We live in an information-overload age and we are looking for clarity, direction, and solutions. Unfortunately, the same things meant to inspire us are leaving us more overwhelmed. We move further and further from our internal knowing - our spiritual awareness. Not only does this pull us away from our true selves but it separates us from our kids.
It makes it pretty tricky to look within our own emotional and spiritual landscape, let alone regulate it in the face of our own triggers, and effectively share it with those around us, especially with our children. In fact, seventy percent of parents say they struggle to communicate meaningfully with their kids. This isn’t at fault of the parent, but rather a lack of skills, generational wounding and cultural conditioning.
Sometimes, the pressure feels crippling. But here is where the relief comes in. Research also says the number one protective factor in helping children deal with stress, big emotions, trauma, and a reactive nervous system is the presence of a consistent, supportive, and loving adult.
Note that nowhere did it say a perfect adult. We don’t have to be perfect to be effective.
So, how do we make this idea of “strengthening our spiritual selves” relatable to our everyday lives? We have a few ideas:
2. Practice altruism. Be a guide to someone struggling or to your children. Miller says, “We can re-cast who we are to each other as helpers and healers.” Can we show up for all people through the lens of having their best interest in mind as a soul on this earth, knowing that despite differences, we have a deeper relationship that connects us all?
3. Listen to your intuition. Very often, we ask a question, and our inner knowing responds with a sensation. What does that feeling feel like in your body? When that sensation comes up, listen to it and trust it.
4. Become curious. Joe Dispenza, neuroscientist, researcher, and author says, “If we really knew the power we had to create our own reality, we would start each day consciously.” Life is always talking to us. Ask yourself, What is the world showing me right now? When we become the observer, we are no longer the program. We become the consciousness observing the program, and this means that you, and your life, are changing.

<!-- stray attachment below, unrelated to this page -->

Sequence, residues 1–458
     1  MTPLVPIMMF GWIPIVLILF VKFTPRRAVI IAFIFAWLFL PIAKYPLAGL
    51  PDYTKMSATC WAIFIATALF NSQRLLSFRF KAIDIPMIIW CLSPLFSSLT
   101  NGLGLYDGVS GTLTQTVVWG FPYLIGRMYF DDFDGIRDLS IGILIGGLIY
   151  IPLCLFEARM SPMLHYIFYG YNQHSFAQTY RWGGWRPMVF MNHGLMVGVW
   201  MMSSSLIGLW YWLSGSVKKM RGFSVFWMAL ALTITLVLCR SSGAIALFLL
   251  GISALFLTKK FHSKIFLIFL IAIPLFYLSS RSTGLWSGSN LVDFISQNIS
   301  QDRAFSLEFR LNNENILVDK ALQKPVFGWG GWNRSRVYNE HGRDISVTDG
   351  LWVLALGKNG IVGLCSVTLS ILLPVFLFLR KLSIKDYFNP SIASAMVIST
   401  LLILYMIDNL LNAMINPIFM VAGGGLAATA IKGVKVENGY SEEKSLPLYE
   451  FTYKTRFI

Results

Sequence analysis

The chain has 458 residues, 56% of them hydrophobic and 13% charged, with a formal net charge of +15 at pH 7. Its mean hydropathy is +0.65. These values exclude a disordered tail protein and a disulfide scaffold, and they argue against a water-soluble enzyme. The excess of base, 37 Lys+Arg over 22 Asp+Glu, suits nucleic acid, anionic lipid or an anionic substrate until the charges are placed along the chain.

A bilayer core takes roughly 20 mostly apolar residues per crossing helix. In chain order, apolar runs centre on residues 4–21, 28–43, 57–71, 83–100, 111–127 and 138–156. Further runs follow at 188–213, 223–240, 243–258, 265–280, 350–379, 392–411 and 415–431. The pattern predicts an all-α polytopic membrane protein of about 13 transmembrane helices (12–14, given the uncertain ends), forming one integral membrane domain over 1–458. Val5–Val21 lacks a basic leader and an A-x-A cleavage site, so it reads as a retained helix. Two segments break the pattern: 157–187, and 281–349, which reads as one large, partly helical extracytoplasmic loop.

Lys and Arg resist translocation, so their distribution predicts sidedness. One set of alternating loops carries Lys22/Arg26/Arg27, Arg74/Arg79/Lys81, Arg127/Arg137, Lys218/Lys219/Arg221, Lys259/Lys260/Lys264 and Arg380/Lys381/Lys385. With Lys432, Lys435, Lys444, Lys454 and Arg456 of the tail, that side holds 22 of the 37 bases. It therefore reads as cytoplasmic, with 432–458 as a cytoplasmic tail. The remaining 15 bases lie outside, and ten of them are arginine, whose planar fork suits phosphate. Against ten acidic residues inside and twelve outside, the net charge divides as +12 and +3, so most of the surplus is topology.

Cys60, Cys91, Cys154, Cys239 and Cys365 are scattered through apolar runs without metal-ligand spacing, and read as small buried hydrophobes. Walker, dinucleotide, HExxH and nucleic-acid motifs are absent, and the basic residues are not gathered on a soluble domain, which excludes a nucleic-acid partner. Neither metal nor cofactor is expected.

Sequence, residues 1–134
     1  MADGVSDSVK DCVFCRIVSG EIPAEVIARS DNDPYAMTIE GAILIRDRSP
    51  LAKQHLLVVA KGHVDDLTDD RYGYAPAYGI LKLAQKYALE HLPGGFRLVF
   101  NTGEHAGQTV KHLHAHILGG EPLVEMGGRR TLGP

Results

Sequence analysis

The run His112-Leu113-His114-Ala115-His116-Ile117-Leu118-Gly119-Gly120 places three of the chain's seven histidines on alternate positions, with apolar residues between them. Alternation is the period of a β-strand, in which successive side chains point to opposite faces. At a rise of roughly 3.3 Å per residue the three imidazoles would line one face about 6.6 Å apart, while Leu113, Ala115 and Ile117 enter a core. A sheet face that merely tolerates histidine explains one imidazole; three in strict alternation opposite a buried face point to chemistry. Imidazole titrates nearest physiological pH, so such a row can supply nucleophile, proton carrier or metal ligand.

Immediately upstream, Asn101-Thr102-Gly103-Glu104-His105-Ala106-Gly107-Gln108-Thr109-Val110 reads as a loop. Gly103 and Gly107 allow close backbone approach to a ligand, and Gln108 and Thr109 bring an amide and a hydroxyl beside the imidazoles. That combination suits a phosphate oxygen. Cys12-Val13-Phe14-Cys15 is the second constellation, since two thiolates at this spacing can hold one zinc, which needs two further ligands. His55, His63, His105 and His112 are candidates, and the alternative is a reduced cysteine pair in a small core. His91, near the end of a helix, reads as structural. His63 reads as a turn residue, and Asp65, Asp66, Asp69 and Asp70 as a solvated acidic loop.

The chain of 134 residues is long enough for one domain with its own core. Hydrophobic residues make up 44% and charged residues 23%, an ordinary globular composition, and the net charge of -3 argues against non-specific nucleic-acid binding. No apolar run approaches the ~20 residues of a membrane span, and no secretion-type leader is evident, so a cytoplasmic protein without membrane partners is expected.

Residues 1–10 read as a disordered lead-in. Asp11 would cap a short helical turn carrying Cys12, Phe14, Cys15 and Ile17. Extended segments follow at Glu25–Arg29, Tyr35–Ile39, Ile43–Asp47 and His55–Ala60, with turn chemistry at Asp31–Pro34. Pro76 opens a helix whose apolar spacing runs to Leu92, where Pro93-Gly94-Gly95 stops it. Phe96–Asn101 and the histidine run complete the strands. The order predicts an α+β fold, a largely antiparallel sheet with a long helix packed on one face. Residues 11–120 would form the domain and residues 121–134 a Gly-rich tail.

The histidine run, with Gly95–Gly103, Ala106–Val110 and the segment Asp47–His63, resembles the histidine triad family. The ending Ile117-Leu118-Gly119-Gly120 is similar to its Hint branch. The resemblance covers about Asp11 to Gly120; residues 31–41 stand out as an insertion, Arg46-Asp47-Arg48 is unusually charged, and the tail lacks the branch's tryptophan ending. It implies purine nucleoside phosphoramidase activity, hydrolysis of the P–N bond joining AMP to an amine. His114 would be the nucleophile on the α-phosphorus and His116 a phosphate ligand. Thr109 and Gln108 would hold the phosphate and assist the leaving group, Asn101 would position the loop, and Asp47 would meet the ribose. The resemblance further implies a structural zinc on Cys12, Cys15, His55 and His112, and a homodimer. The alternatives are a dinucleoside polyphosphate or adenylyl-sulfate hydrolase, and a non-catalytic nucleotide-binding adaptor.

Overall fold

5. Share your deep truths. As much as kids rebel and push us away, they soak up when we speak our deepest truth. In knowing how we feel and sharing it with another, we strengthen our resilient brain, and teach our children how to do the same.
6. Restructure relationships. Move from transactional relationships such as I am your parent, listen/obey me or I am your teacher, perform for me to transformational relationships built by and through connection. Taking a Time-In is a great way to build relationships where everyone feels seen and heard.
7. Walk in nature. Walk slowly in nature and use your five senses to experience your surroundings. True, deep connection runs all through life, and that includes the life outside our front door.
8. Do visualizations. Miller shares one exercise. Close your eyes and take five deep breaths to clear your internal space. Then, imagine a table. This is your table to invite five people, living or deceased, who truly have your best interest at heart. With them all sitting there, ask if they love you. Intuitively hear what they say. Then, call in your eternal, highest self to the table, and ask you if you love you. What do you say? Lastly, call in your highest power and ask your highest power if they love you. With all of these people sitting here, what do they need to share? What do they need to let you know right now? When you are ready, come back to the present. Those called to the table are your highest counsel and they are always there. You are always held, guided, and deeply supported, even when you feel alone!
Life is buoyant and alive. We have in our brain a series of circuits that allow us to see the deep nature of life that is in fact a consciousness field in which we are loved, guided, and never alone. We just have to flip the switch and choose to turn it back on.